It's Time to Talk about stigma...
Updated: Jul 17, 2018
As a result of Time to Talk day (Thursday 4th of February 2016) I have
been thinking about Stigma. For those of us who have mental illness,
we face Stigma often, in fact I would say that people facing mental
illness face Stigma and discrimination almost everyday, but maybe we
don't realise it.
I officially fell ill when I was about 14 and a half, that was when people found out and I started getting help. But in truth I probably
fell ill at least 6 months before that. Why didn't I ask for help when
I first started to feel unwell? Why didn't anyone notice until I was
already trapped in the darkness that is mental illness?
The answer; I was terrified, not just because it felt like I was
living in a nightmare, but also because I knew that the world would
see me through the eyes of misunderstanding, misconception and, of
course, Stigma. I knew that it was very likely I would be seen in a
different light, instead of being the quiet, high achieving student, I
would become the 'psycho' or 'freak' engulfed in madness, or I would
be seen as an attention seeking, moody teenager.
Being Autistic also meant that I had spent years of my life learning to sink into the background to avoid being 'outed' as being different.
I didn't want to be put in a spot light, it was one of my worst fears. Which is what I thought would happen if I told anyone about my struggles.
The first 6 months I suffered alone. I suffered alone because the sheer enormity of fear I had of people finding out I was suffering with mental
health problems. And that is why Stigma is so dangerous. Lots of
people don't speak or seek help because of the fear of facing peoples
judgements. Particularly men and boys - being 'macho' means showing no
weakness, and I suppose feeling emotionally unwell is seen as being weak. Actually things happen, that's life, we fall ill, we get treatment, we work hard and we recover. That is as simple as it should be, but when Stigma come and stands as a road block, everything becomes harder and more complicated.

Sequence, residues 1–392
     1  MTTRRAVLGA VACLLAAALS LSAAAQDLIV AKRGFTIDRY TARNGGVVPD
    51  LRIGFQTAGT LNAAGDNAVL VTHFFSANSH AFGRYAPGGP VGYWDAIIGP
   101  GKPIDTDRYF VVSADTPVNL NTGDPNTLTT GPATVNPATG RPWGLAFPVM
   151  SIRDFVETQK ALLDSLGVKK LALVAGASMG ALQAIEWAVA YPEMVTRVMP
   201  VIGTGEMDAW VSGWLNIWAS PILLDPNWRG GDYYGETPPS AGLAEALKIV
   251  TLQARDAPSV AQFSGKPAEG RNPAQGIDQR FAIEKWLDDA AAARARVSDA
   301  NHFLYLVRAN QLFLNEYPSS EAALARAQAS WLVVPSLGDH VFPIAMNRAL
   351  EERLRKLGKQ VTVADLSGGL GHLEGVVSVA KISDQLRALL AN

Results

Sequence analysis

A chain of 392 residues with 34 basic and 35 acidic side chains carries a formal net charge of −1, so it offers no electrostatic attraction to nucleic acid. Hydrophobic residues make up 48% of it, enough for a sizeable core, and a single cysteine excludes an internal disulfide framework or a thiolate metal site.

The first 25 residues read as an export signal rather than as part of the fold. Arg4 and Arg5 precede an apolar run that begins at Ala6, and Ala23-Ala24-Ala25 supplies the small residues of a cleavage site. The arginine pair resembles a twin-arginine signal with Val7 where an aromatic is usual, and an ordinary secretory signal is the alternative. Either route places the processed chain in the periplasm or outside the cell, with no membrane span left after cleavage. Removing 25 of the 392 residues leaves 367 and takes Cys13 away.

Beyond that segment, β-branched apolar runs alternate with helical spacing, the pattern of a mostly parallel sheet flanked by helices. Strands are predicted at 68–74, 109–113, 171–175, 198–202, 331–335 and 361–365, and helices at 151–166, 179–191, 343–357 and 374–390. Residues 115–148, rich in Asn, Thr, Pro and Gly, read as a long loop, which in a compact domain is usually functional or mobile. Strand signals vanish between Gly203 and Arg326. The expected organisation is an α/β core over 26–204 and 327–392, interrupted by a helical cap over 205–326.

I was never aware of the Stigma until it was me under it's beady eyes. I never consciously took any particular opinions on mental illness
before falling ill, yet I still had these strong views on how I would
be treated by society when I developed mental illness myself. I was only 14 and I already had absorbed this dangerous mind set. Subconsciously I had taken in the stereotypes, the name calling, and the myths.
For me over half of the Stigma I have faced is Self-Stigma. What I mean by 'Self-Stigma' is that I took the opinions and myths and
inflicted them upon myself. I called myself a psycho, I called myself
a freak for having mental health problems. I called myself a failure for falling ill. I was already in a position in which I was vulnerable and was subjected to derogatory thoughts due to my illness. But Stigma had brainwashed me into judging myself further.
Luckily, once I told people most were the opposite of judgemental, they supported me and tried to understand. But of course Stigma showed
its ugly face from time to time. Comments like "you are a pretty,
intelligent girl with a good family, what have you got to be depressed
about?" Or "you need to smile more often". Comments that many may not
batter an eyelid to, but for someone suffering with mental illness and
low self esteem those comments can be incredibly destructive.
I had an illness, I fell ill. If I had Diabetes no one would have battered an eyelid, no one would have told me to "snap out
of it". If I had scars or marks from injecting insulin no one would
have pointed them out and told me I had a "disgusting attention
seeking habit". If I had diabetes I would be watching what I eat, and
not eating certain things, no one would call me out and say "can't you
just eat, stop trying to look for attention". I don't mean to generalise, all illnesses are difficult to deal with. But by simply putting the word 'mental' adjacent to 'illness' suddenly that person becomes someone to be scared of or someone to disapprove of.
Guess what, I have depression, anxiety, anorexia, self harm scars, and hallucinations. I'm not ashamed, and stigmatising comments don't affect
me any more. I fell ill, it was not my decision. I did not choose to
fall ill, but I did choose to recover, that is what is important. I am
probably going to have my diagnoses for the rest of my life but I am
learning to manage them, and that's all that matters to me. I know exactly how much effort and energy I put into getting better, I know the struggle and pain I went through, and I consider myself a strong person for surviving and not giving up.
Stigma can kill, Stigma causes unnecessary suffering, and Stigma can prevent recovery. Myths are myths, don't believe them. Educate yourself and
your family and friends. Look after yourself, and look after your
peers. You never know who will be affected by mental illness, it
doesn't discriminate. We are not monsters, or attention seekers, or
freaks, we are people, and we deserve to be treated the same as anyone
Time to Change are a national organisation focussing on raising awareness of mental health and tackling stigma. Take a look at their website for more info on mental health, and the effects of stigma: